Last weekend, the French President was humiliated when his Ensemble coalition lost control of the National Assembly after failing to win an overall majority in the legislative elections. Mr Macron’s camp fell well short of the threshold required for an absolute majority after winning just 245 seats – 44 short of the 289 needed. Marine Le Pen’s far-right National Rally party won its biggest ever representation in the lower house while the left-wing bloc Nupes, led by hard-left veteran Jean-Luc Melenchon, will form the largest opposition force.
Just days later the French President was left reeling even further after his Prime Minister Elisabeth Borne offered her resignation – something he quickly refused.
Mr Macron now has a few options available to him – forming a ruling coalition or leading a minority Government that has to enter into talks with opponents on a bill-by-bill basis. But if that fails, he faces the daunting prospect of calling a snap election.
Frexiteer Eric Noirez warned Mr Macron now finds himself backed into a corner, with the latest election results calling into question the “legitimacy” of re-election as French President just weeks earlier.
When asked if France now finds itself in a position of political paralysis, Mr Noirez told Express.co.uk: “This can’t last very long. I see two hypotheses.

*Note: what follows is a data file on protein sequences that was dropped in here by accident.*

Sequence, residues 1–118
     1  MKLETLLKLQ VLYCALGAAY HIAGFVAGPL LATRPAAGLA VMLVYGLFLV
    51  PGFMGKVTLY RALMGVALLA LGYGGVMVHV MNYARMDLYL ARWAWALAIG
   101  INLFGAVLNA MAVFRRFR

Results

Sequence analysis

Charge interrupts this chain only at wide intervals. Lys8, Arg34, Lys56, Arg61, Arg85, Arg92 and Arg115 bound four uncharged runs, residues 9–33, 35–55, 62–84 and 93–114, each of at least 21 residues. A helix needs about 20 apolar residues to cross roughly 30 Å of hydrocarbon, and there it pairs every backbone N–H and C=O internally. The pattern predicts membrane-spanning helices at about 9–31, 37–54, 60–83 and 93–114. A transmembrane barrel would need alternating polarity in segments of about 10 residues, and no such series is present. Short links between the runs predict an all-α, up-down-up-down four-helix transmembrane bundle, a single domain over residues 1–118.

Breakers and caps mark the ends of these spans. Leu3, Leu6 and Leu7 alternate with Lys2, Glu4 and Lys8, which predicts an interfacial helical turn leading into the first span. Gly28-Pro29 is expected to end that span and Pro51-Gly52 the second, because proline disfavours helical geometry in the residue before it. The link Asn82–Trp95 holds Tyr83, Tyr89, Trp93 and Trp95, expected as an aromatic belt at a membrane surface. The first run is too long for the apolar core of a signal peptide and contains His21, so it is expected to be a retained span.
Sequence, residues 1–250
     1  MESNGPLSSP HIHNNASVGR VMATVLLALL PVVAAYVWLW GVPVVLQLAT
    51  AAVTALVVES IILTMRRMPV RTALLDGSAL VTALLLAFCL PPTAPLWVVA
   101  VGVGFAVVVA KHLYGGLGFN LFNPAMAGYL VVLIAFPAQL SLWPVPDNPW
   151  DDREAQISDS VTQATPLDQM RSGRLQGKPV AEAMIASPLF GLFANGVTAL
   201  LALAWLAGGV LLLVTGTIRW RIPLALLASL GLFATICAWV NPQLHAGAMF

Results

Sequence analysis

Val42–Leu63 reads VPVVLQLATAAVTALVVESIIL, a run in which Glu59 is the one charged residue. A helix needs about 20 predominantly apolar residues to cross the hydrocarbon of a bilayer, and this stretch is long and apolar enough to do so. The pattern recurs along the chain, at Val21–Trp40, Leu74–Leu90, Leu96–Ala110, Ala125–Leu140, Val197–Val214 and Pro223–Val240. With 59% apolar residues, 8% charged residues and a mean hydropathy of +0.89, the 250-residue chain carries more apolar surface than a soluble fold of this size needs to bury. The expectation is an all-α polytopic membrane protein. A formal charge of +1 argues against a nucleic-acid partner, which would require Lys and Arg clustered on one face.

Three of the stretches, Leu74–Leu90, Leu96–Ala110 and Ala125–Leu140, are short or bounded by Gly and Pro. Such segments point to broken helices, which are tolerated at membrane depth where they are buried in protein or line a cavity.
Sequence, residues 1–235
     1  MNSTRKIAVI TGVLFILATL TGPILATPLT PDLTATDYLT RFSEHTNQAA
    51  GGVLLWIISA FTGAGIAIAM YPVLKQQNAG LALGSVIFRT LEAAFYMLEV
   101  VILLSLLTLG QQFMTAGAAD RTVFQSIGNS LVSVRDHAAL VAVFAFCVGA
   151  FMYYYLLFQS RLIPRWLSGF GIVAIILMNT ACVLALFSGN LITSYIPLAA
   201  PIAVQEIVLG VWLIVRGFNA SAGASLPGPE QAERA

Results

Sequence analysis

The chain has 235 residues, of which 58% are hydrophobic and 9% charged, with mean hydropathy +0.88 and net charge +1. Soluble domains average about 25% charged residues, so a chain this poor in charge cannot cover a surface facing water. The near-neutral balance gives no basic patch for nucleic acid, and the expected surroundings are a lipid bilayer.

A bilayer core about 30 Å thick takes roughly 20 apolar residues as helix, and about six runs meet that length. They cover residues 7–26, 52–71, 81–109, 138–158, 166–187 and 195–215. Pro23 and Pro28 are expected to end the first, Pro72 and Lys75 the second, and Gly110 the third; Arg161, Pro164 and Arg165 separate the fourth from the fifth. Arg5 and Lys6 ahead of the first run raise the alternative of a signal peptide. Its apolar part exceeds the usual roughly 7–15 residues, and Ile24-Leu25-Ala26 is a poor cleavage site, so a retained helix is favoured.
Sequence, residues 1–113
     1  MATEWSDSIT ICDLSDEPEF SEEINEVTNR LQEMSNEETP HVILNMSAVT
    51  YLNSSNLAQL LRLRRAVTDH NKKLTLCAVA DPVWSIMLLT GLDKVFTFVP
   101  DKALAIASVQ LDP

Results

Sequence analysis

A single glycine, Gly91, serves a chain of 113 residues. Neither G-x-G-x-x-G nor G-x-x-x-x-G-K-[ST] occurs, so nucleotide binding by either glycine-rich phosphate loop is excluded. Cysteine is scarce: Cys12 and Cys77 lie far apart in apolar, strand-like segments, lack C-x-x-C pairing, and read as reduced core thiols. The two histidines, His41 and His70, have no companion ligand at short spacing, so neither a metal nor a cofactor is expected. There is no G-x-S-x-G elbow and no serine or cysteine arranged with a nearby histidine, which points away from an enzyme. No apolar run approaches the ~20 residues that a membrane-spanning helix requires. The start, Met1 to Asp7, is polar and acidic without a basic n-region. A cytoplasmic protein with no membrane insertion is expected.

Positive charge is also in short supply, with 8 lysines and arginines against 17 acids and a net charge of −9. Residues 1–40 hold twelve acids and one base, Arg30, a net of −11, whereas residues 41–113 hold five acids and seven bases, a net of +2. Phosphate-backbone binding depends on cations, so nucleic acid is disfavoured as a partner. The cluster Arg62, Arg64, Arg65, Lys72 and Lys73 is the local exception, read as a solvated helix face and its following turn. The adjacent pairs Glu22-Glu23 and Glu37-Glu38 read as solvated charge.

“Either Macron knows how to manoeuvre and negotiate with the opposition forces – some of which, unfortunately, may be willing to do so because they are Eurocrats – and thus succeeds, as best he can, in getting his bills through.
“Or he does not succeed and will then have no other solution, as the Constitution allows him to do, than to dissolve the National Assembly. But this would be double or nothing for him.
“Politically, Emmanuel Macron is in an extremely fragile position, as if sitting on an ejector seat.
“The situation at the end of these legislative elections completely calls into question the legitimacy of his re-election on April 24.”
Mr Noirez also warned that, following the disastrous election result, the French President “simply doesn’t have the upper hand anymore”.
The Frexiteer believes he now faces increased difficulties in having some of his controversial policies passed through the French parliament.
This includes a plan to raise the pension age in France from 65 to 66, which has sparked a furious reaction throughout the country.
He also warned Mr Macron now finds himself at an “impasse” for his second term in office – just weeks after he succeeded in the national elections.
Mr Noirez concluded: “Macron simply doesn’t have the upper hand anymore.
“Above him, the European Commission has already officially published, along with the broad economic policy guidelines that it issues as it does every year, the major reforms that it expects from France.
“Unsurprisingly, they include the famous pension reform so decried by the French people – and rightly so, it must be said – as well as the traditional budgetary rigour, which will have to be translated into even greater austerity and will be incompatible with the state of emergency and distress in which some public services find themselves in France.
“By not obtaining an absolute majority on the benches of the National Assembly, Macron risks having all the difficulties to pass the reforms.
“He will find himself at an impasse for his second term in office, since there is a strong risk of absolute incompatibility between the demands and reforms desired by the commission and by the French government and the aspirations of the deputies elected by the people.
“Now we are entering a competition where Macron is no longer the master of the game.”